Supply chain problems are still making things challenging for small businesses.
The pandemic, geopolitical conflict and labor shortages continue to snarl small business suppliers and shippers around the world, causing unique problems for millions of business owners just trying to get what they need.
While big corporations can use large orders to jump the supply queue and hire private shippers to get their materials faster, supplies for small businesses are harder to come by.
According to our research from March, eight out of 10 small businesses said they have been impacted by delays, with one in four owners suffering a “significant impact” due to the delays.
Two-thirds of owners said rising material costs have had a moderate to significant impact on their small business.
That raises some tricky questions for small businesses: Should you buy out current supply when available and stockpile materials? How do you explain delays to customers? And when will it all end?
Recently, the Small Business Administration hosted a discussion on how experienced small business owners are navigating supply chain challenges.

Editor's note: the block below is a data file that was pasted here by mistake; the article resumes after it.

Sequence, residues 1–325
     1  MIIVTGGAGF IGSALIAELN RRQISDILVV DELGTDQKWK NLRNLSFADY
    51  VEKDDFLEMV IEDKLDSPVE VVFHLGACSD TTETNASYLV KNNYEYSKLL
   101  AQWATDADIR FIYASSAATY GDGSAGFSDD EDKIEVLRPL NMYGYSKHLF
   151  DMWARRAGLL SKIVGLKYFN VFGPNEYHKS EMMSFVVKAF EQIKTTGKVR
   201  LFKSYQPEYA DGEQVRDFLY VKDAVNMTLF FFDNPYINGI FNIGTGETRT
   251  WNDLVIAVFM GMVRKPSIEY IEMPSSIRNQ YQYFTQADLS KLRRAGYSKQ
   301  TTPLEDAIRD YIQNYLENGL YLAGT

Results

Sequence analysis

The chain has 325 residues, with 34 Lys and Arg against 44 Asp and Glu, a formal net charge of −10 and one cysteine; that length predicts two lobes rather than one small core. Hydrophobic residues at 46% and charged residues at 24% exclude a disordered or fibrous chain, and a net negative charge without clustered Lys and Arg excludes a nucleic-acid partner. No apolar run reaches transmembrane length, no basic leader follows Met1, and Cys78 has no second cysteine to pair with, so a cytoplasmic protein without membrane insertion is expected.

Here are eight of the best tips to help you navigate this frustrating small business problem:
1. Understand the costs of extra inventory
For small businesses, “We've always been taught to be just in time, to be as streamlined as you can and as efficient as you can and not tie up a lot of cash around inventory,” said speaker Greg Britton, a small business owner and CEO of the Florida Small Business Development Center (SBDC) Network, in a recent webinar hosted by the Small Business Administration.
But now that’s changing: More businesses are ordering extra “just-in-case” inventory in case their orders get delayed. Of course, this strategy comes with added costs.
If a small business doesn’t have enough cash flow to buy additional stock, then it may need to borrow.
“Now I'm leveraging my lines of credit to buy that inventory,” Britton said. “And then the profit margins are thinning because all those costs of the materials are going up.”